Monday, October 03, 2005
She is a graduate student at Columbia University. She has brown skin and long, curly black hair. She is as tall as me; maybe a little taller in her heels. She carries a bookbag and a notepad. We are standing together on the corner of Wayne Street, and she is interviewing me about my writing -- not for a magazine, she tells me, but for a class project. The woman wants to know the scope of my disengagement from Jersey City. Behind us, the sun is setting over City Hall, throwing a long rectangular shadow over Grove Street.
We begin to walk toward City Hall. I do not like to go this way, I tell her, but I find myself compelled to move in this direction. I mention that trips to my vegetable market cause me to walk on Grove Street. Secretly, this isn't what I mean. The crowd is pouring out of Council Chambers. They are jubilant; they have just secured a victory in the battle to preserve the Sixth Street Embankment. They walk to the roadside and take a sharp left toward me, chattering and smiling. It is as it was on a day I cut class, and found myself on Mountain Avenue outside of the high school just as the three o'clock bell rang. I did not want to be in the building -- and yet as I watched my schoolmates from across the road, I felt the ghost's longing for corporeality.
Bodies pass me. I recognize the activist Mia Scanga, always a vocal presence at City Council meetings. Kathryn Klanderman, former president of ProArts, calls me by a name I don't recognize. She walks with a woman whose face is veiled. I turn to introduce Kathryn to the graduate student, but to my embarrassment, I have forgotten her name.
Paul Sullivan takes me aside; he is jubilant. He will be hosting an arts tour of his own in the Heights, and he would like me to provide music. I am suddenly overwhelmed with guilt about my decision to skip this year's Studio Tour to play the New England Popfest. I ask him about what I've missed. He is enthusiastic about the popular response to the tour, and about the new studios that have opened on Jersey Avenue. The art itself he dismisses as "Knitting Factory stuff".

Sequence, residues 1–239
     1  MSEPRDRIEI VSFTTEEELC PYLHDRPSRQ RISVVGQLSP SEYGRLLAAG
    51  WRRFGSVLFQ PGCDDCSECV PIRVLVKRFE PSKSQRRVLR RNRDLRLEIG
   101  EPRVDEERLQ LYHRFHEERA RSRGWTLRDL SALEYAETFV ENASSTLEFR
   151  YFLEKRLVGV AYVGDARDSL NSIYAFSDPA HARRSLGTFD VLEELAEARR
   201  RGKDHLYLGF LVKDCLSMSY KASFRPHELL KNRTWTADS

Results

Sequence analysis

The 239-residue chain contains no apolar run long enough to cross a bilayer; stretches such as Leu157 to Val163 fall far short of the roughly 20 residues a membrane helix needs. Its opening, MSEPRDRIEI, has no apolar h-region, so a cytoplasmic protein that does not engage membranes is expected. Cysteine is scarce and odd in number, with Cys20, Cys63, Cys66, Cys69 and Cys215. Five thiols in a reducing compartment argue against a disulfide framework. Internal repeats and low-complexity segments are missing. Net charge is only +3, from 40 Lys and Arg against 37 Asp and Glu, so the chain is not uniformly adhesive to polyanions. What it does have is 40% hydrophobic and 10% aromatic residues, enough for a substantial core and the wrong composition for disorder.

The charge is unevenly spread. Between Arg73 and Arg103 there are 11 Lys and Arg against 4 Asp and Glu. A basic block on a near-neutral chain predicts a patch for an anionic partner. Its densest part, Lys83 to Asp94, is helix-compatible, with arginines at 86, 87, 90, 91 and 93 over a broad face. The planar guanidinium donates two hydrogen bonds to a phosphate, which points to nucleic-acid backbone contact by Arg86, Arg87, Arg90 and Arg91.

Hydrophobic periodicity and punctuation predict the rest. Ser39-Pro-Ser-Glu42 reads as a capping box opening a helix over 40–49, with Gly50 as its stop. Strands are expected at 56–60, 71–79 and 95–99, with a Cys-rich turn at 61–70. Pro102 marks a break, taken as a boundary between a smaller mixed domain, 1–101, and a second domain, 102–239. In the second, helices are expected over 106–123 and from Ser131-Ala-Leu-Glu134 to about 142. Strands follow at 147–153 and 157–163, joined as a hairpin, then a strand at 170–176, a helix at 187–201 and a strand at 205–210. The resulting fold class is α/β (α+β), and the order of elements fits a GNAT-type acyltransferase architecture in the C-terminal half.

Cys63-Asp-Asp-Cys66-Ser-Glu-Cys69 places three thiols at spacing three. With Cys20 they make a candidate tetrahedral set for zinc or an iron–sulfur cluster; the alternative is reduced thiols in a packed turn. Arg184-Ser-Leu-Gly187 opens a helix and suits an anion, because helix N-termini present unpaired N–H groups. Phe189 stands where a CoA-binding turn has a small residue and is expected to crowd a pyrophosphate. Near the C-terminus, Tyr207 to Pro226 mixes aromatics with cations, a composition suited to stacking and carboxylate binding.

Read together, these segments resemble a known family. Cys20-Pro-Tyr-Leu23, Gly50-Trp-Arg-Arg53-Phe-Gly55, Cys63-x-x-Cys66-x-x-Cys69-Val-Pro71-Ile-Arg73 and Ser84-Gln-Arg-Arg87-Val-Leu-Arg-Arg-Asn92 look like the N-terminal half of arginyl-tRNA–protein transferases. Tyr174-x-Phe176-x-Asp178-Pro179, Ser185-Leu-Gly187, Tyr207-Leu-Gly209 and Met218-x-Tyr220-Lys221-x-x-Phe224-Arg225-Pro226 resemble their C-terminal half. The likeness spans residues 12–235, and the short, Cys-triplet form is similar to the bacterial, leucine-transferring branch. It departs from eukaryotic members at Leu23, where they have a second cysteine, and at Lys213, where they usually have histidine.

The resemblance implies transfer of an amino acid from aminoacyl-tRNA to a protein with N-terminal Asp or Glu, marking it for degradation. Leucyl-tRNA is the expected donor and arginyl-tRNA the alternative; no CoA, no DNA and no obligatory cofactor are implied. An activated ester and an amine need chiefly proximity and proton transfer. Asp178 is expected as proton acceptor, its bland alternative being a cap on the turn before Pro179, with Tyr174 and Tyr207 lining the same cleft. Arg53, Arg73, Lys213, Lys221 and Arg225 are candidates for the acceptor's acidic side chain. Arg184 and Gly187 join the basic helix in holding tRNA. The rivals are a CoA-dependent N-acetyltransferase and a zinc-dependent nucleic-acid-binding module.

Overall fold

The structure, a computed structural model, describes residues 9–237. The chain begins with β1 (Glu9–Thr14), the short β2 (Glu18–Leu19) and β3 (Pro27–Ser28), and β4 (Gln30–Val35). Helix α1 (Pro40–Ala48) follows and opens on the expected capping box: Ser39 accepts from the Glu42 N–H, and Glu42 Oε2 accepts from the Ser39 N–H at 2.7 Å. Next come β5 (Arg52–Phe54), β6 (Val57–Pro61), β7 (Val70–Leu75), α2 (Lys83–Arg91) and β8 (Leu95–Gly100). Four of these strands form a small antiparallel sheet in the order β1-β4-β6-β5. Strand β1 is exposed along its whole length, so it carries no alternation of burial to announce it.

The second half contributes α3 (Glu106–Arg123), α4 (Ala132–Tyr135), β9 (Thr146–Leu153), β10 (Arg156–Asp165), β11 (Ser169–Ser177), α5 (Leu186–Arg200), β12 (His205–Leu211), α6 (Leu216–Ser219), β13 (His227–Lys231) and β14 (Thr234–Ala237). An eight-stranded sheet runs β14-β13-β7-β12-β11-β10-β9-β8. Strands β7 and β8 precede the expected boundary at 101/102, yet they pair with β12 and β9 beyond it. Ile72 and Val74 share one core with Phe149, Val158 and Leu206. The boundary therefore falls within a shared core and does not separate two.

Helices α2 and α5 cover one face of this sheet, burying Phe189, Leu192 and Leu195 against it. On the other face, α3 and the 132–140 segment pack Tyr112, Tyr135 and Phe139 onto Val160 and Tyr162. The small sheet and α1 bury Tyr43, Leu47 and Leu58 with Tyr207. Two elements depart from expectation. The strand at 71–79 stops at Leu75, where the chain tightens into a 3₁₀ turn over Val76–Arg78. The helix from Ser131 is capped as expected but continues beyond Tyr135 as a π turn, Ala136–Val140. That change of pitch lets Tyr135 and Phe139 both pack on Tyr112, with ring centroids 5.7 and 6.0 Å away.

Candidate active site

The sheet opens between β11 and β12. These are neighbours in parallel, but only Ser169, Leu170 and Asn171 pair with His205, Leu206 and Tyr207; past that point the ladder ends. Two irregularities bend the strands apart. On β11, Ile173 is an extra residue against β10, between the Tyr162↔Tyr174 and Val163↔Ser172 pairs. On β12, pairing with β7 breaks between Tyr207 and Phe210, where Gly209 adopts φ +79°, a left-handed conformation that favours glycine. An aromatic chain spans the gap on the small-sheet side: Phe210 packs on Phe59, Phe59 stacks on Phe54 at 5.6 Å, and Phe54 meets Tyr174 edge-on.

I find this glibness uncharacteristic of Paul. But then City Hall looks different, too -- taller, more ornate, capped with golden domes. A young woman on the marble steps dressed like a stewardess hands out brochures. The facade is grey and imposing, and fills me with fear. For a moment, I worry that I will be arrested. I realize that this must not be Jersey City Hall at all, but instear it must be a museum or civic building in Manhattan: perhaps a courthouse, or a train station.
Sure enough, our railcar begins to move. There is art everywhere: on the walls of the car, on coffeetables, on the covers of periodicals. I pick up a magazine and look at the cover. A woman who looks like Martha Stewart is stretched out in bed. Her body is covered by a thin white sheet. The pose is sexualized, but she appears to be in terrible pain. Paul explains that the photographer used to be a Jersey City local, but has since left for the wine country.
This is a commuter train. We have gone into the city upon the request of my old high school friend Steve Barison, who I have not seen in some time. We are here for a Pixies doubleheader: first, we have seen the Pixies in concert, then we went to see a screening of a movie about the Pixies. The movie, which was not good, was Steve Barison's idea. So many of my high school friends crowd into the railcar. We are returning to New Jersey as twilight falls. I am reminded of a trip I took with these friends when I was very young: to Madison Square Garden to watch Peter Gabriel perform. I remember the frenetic banter on the way back, the fevered comparison of our internal experiences, the slickness of the train windows and the sick yellow color of the seats.
Our train ducks through tunnels. We are laughing and joking. I do not want the car to reach New Jersey -- I want to go on laughing and joking in this cabin as long as we can. Steve Barison's face is clouded, obscured. I tell a joke, and a person I don't recognize at the back of the car begins to laugh inappropriately. What's so funny?, I demand to know. I become angry. Suddenly, I am preaching straight from the Book of Romans. Bible in hand, I speak of sin and salvation. We shall all be restored in the fullness of time, I tell my friends. With each passing trestle, the light in the railcar grows dimmer.